A note from Carl about presenting at the IUFRO Landscape Ecology Conference:
Part of the NALMC mission is to not only work cooperatively with our neighbors, but also to create a model of collaboration that can be used by other groups in other regions. It was a great honor and privilege to represent NALMC at the International Union of Forest Research Organizations, a distinguished international small scale forestry conference at U-Mass Amherst on September 27, 2012. The idea of private landowners cooperating with one another is a topic that is gaining traction worldwide. The NALMC store was enthusiastically received and when folks have asked "where is the NALMC region," I have answered, "NALMC is everywhere; it is an idea without borders." After attending this conference, I understand the truth of this statement.
Although those of us in the NALMC neighhborhood are always learning new ways to cooperate, the notion of neighbors talking to one another (the basis of NALMC's ideology) is more meaningful today because we have lost some of our sense of connection to where we live and to the natural world. After attending one day of this forestry conference, I returned to New Hampshire humbled and with a renewed sense of the importance of our work.
A letter from David Kittredge regarding NALMC's presence at the conference:
Our international guests from around the world have headed home, and I have a chance now to thank you very much for playing such an important role in our conference at UMass. Between September 24 and 27, we hosted at UMass over 90 people from 18 countries at a conference dedicated to Small Scale Forestry. Researchers from places as seemingly different as Finland and Malaysia came together to share research experiences, methods, and results on the small scale forests and forestry they study their respective countries. As you can imagine, the trees, soils, products, and climate can be different, but the common thread of relatively small forests and their management challenges brought us all together.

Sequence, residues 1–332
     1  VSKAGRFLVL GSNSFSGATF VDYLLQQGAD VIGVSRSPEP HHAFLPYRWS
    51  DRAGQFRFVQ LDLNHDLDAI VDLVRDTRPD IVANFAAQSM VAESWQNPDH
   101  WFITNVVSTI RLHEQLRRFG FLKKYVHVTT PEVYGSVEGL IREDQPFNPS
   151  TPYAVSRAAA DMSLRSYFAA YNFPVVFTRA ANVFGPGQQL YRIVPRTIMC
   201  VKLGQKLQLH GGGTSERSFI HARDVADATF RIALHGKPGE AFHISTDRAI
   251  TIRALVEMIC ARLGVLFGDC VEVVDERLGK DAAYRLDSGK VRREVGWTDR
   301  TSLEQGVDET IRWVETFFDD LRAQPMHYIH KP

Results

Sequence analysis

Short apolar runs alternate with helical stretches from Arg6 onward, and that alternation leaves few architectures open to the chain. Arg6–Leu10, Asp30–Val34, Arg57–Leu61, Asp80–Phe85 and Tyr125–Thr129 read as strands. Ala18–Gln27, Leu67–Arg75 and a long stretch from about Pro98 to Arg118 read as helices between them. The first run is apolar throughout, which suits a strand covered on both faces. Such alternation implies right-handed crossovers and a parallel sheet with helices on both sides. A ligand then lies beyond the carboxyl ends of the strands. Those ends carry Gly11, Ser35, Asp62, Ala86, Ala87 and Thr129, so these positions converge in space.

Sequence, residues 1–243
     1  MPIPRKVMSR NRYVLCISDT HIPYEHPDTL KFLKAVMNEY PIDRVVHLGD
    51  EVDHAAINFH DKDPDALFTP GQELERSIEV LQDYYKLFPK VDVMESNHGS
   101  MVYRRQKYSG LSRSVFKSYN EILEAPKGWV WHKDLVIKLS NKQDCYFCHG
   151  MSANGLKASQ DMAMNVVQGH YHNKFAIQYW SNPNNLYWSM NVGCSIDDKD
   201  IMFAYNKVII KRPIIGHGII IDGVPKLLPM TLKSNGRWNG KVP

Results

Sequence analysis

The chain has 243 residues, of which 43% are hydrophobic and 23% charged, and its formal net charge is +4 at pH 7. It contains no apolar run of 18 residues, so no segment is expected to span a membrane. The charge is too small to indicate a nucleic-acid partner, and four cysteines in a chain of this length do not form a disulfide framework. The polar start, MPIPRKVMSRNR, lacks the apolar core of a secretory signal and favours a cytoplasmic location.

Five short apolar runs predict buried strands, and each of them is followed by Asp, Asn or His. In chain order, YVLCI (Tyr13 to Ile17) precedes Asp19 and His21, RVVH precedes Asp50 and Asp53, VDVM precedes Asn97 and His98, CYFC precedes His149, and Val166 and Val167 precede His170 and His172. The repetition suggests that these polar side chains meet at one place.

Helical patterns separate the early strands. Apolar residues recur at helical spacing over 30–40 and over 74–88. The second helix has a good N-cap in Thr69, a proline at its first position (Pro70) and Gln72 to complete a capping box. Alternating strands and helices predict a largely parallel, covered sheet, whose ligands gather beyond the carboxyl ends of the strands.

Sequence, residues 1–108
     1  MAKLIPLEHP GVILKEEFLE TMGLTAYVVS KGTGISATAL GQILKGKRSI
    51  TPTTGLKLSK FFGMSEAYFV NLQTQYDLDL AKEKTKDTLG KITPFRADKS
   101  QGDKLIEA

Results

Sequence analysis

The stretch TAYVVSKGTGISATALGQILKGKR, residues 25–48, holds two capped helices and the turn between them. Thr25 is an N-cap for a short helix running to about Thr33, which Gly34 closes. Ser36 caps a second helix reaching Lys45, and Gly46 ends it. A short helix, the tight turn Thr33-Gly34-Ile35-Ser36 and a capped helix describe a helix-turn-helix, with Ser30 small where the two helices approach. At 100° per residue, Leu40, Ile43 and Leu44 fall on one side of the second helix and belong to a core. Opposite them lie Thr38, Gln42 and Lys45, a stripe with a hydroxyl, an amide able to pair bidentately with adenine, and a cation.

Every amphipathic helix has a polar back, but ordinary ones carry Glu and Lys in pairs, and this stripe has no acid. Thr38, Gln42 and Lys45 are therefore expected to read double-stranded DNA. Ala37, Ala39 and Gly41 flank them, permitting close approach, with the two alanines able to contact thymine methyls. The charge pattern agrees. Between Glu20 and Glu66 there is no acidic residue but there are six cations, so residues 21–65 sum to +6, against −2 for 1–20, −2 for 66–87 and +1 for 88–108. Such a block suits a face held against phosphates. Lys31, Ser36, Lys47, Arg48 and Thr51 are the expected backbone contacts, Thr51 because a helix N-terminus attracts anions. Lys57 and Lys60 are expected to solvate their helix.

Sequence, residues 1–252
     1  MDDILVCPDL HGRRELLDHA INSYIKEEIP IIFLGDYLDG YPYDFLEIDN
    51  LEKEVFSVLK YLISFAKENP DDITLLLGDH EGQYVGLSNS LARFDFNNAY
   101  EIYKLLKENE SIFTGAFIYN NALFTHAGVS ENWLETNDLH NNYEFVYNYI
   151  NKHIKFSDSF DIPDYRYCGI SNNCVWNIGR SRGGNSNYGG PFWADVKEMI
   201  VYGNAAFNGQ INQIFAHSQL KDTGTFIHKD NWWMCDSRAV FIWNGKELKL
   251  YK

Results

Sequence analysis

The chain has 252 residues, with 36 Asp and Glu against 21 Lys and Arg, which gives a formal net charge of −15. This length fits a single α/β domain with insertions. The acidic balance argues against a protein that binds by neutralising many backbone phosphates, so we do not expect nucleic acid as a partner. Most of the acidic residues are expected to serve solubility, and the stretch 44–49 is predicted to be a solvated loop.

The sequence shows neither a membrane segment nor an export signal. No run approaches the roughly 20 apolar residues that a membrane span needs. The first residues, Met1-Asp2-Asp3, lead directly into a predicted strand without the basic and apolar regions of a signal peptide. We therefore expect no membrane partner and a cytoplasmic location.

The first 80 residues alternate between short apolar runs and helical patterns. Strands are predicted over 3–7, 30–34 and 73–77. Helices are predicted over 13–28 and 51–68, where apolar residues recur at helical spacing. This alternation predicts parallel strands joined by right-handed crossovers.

Out final session of the conference on Thursday morning was an important one. We wanted to give participants the opportunity to learn from the first-hand experience of landowners themselves. Researchers had spoken amongst themselves for three days and exchanged information, but we viewed this session on Thursday morning as a wonderful way to share some New England wisdom and experience directly from landowners. Thank you very much, Carl, for a wonderful and inspiring presentation outlining the history and vision of NALMC! I think you can tell from the questions and discussion that followed that the scientists were quite interested to learn more from your experience. Knowledge and learning are not products of scientists alone, and I was thrilled to see the way those assembled researchers learned and were inspired by your presentation.
Our conference was a very successful research and exchange opportunity for scientists from Germany, Estonia, Latvia, Japan, and other countries. The pictures, information, and memories will influence the way they approach small scale forestry in their own countries. Thank you very much for generously providing your time and experience for an important part of our conference. I was both pleased and proud of the way the experience worked, and am grateful to you for the role you played.
David B. Kittredge
Professor and Extension Forester
Moving forward - the next phase of NALMC
In order to build off the information provided by the Ecological Assessment completed in 2009 and the recent addendum (click to here to browse these defining documents about the NALMC neighborhood) a sub-committee was formed to explore future directions for NALMC. With the support of the Steering Committee, this sub-committee has begun to outline an Ecosystem Forestry Plan. Where the Ecological Assessment and Addendum provide a fascinating snap-shot of the neighborhood in its current state, this Plan hopes to articulate a successful and balanced future for the NALMC ecosystems as well as outline stewardship ideas and goals to help the neighborhood remain a flourishing example of mindful small scale forestry.
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